Please welcome Brad. Let me first just say that Brad is about to tell you that he is not very crafty, pshaw! Yes, he is! Maybe, he doesn't know how to use a sewing machine, but he can make himself a belt, and he can even sew on a new button all by himself! All joking aside, he can hold his own around here. Let me also say, that having someone in your own home working on a guest blog post for your blog is tough! It's tough to not intervene too much, and it's tough because you worry that they might show you up (ha, ha). Well, as you will see, he did show me up, he beat me at my own game, but he also gave the kiddos a fantastic new toy that, I imagine, will be around for quite some time!
It’s great to be making my first appearance here at Buzzmills, having spent the last year and a half peering over Jane’s shoulder. I should start by saying that any expectations about my craftiness based on who I married should be checked at the door. If there’s a talent that's earned me entry here, it's my ability to laze about in a hammock daydreaming and call it parenting. I actually have my suspicions that this entire Make It Up exercise is an elaborate scheme to get me to man up and use the scroll saw that Jane and the kids gave me for Christmas. If that's the case, it worked, but we'll get to that. First, our story... It's one that Violet and I started in the hammock back when she was three and still haven’t finished.
It began like this...
There’s a farm. Up until recently, it was just a small ordinary farm. It didn't even have a name. There was nothing particularly special about it. At least that is what the family that lives on the farm thought. They’re a family of five. There’s the mom (Marigold), the dad (Joseph), the eldest son (Joe Jr. - you can call him Jo Jo), the daughter Juniper, and the youngest son (Moss).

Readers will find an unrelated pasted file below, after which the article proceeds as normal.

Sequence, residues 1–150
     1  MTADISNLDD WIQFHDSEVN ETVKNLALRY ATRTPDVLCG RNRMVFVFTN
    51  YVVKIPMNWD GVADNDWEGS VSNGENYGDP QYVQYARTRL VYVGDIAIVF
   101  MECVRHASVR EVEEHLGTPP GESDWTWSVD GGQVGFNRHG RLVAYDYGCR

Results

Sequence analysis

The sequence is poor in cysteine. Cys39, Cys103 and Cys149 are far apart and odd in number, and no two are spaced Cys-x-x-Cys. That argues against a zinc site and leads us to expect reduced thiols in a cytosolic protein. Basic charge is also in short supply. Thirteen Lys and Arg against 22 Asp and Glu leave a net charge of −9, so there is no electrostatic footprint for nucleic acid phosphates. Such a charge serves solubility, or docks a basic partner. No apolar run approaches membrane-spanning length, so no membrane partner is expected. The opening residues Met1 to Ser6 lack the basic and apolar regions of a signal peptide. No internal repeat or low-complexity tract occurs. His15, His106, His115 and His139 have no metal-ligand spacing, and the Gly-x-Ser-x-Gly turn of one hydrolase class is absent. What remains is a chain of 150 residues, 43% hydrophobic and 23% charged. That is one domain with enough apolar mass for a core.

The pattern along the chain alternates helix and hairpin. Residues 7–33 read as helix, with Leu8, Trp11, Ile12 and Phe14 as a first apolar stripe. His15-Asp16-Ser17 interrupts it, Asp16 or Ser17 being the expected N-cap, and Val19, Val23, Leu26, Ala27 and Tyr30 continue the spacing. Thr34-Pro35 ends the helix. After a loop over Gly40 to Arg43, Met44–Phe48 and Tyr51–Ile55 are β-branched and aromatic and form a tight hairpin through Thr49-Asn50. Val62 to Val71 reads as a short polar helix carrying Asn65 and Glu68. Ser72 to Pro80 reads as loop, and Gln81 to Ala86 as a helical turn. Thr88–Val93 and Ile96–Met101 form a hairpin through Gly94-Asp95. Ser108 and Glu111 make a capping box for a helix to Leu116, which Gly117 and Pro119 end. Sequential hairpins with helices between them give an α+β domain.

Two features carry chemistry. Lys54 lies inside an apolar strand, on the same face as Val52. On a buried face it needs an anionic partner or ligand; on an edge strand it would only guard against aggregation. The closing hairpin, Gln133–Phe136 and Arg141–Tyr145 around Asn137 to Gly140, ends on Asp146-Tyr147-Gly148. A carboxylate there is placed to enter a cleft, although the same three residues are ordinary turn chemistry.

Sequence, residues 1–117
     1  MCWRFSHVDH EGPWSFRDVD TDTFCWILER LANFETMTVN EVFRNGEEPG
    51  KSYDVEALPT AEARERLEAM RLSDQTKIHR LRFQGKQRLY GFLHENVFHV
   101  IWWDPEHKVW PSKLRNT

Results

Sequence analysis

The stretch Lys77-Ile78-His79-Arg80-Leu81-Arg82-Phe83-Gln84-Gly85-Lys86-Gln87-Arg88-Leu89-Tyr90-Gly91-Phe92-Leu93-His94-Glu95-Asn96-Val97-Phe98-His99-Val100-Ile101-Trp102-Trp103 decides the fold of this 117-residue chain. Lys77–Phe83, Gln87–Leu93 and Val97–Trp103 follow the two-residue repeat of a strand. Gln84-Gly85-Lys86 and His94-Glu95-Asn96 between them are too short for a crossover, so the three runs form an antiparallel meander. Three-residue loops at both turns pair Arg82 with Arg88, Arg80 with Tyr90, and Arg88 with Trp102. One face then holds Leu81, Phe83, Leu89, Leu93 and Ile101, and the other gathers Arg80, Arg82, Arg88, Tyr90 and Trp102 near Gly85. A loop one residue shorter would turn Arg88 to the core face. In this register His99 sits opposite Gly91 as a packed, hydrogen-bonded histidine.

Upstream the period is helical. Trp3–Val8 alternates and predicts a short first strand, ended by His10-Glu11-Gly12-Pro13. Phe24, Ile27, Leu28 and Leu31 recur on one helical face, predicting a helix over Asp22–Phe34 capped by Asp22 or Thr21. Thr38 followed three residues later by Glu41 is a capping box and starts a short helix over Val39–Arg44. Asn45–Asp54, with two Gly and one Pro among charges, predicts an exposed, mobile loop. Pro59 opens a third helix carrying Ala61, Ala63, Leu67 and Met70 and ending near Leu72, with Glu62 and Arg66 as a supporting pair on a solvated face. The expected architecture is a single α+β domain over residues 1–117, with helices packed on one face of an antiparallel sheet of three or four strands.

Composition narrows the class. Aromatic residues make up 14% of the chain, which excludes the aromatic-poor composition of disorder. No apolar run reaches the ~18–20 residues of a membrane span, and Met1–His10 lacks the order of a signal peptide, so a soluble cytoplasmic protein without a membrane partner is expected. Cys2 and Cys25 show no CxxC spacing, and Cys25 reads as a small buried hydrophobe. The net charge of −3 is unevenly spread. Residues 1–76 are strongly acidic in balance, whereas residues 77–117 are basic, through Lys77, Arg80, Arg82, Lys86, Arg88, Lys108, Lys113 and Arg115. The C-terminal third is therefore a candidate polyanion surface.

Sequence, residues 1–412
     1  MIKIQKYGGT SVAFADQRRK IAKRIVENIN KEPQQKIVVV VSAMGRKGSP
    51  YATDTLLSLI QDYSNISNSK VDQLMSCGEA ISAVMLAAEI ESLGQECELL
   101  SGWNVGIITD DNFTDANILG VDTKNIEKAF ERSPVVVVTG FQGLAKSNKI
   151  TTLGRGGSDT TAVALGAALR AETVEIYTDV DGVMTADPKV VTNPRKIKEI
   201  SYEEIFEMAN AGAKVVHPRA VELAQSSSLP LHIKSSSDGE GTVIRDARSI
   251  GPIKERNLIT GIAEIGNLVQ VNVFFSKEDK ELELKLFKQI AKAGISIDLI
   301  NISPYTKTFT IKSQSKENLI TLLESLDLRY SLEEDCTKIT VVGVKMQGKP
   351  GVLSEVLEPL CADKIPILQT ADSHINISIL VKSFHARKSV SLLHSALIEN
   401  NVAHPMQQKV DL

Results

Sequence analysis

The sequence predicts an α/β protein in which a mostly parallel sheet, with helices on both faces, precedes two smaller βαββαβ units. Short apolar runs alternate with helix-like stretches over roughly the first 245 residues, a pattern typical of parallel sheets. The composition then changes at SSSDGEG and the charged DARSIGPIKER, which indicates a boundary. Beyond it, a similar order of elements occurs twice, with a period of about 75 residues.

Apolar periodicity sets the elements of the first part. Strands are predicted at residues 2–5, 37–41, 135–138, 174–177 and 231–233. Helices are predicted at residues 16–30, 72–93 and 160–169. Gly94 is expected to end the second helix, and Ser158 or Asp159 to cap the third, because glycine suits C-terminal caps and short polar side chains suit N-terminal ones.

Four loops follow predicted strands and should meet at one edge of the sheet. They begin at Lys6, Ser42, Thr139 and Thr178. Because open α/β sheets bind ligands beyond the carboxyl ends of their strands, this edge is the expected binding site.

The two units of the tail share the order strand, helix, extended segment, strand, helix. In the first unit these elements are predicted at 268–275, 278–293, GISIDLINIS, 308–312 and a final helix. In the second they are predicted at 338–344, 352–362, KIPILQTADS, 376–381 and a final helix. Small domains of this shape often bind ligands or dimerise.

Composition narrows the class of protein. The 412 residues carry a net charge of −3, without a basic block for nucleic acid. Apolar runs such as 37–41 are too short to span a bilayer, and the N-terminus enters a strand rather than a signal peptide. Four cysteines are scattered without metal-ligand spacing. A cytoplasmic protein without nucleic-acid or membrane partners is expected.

On this farm, there was a tree. It was one of those scenic solitary trees that farms tend to have. It sat on top of a hill, watching over the grazing cows and keeping time for the family. When the sun dropped low enough to peek through the tree's broad branches, you knew it was time to come in, wash up, and sit down for dinner. Juniper, who has quite an imagination, spent hours sitting against the tree dreaming up stories. That is, of course, until the storm.
A lightning bolt struck the tree and brought it crashing to the ground. The family was sad. Juniper was really sad. But Marigold had an idea. She told Juniper they could take a small branch from the fallen tree and make a sapling. When it was big enough, she could plant it near where the old tree had been. She gave Juniper an old pot from the kitchen. She told her to fill it with dirt and stick a branch from the old tree inside. They kept the sapling on the front porch, where Juniper watered it everyday. It grew fast and soon Marigold told Juniper that it was time to plant it.
"Just pick a spot, dig a hole, drop it in, and cover it back up with dirt".
But Marigold had forgotten one thing. She didn’t tell Juniper to take the sapling out of the pot before putting it in the ground. Juniper put the whole thing, pot and all, in the hole and covered it up with dirt. Even still, it grew. And it grew fast. So fast that Joseph just stared at it, scratched his head, and swore he'd never seen anything quite like it.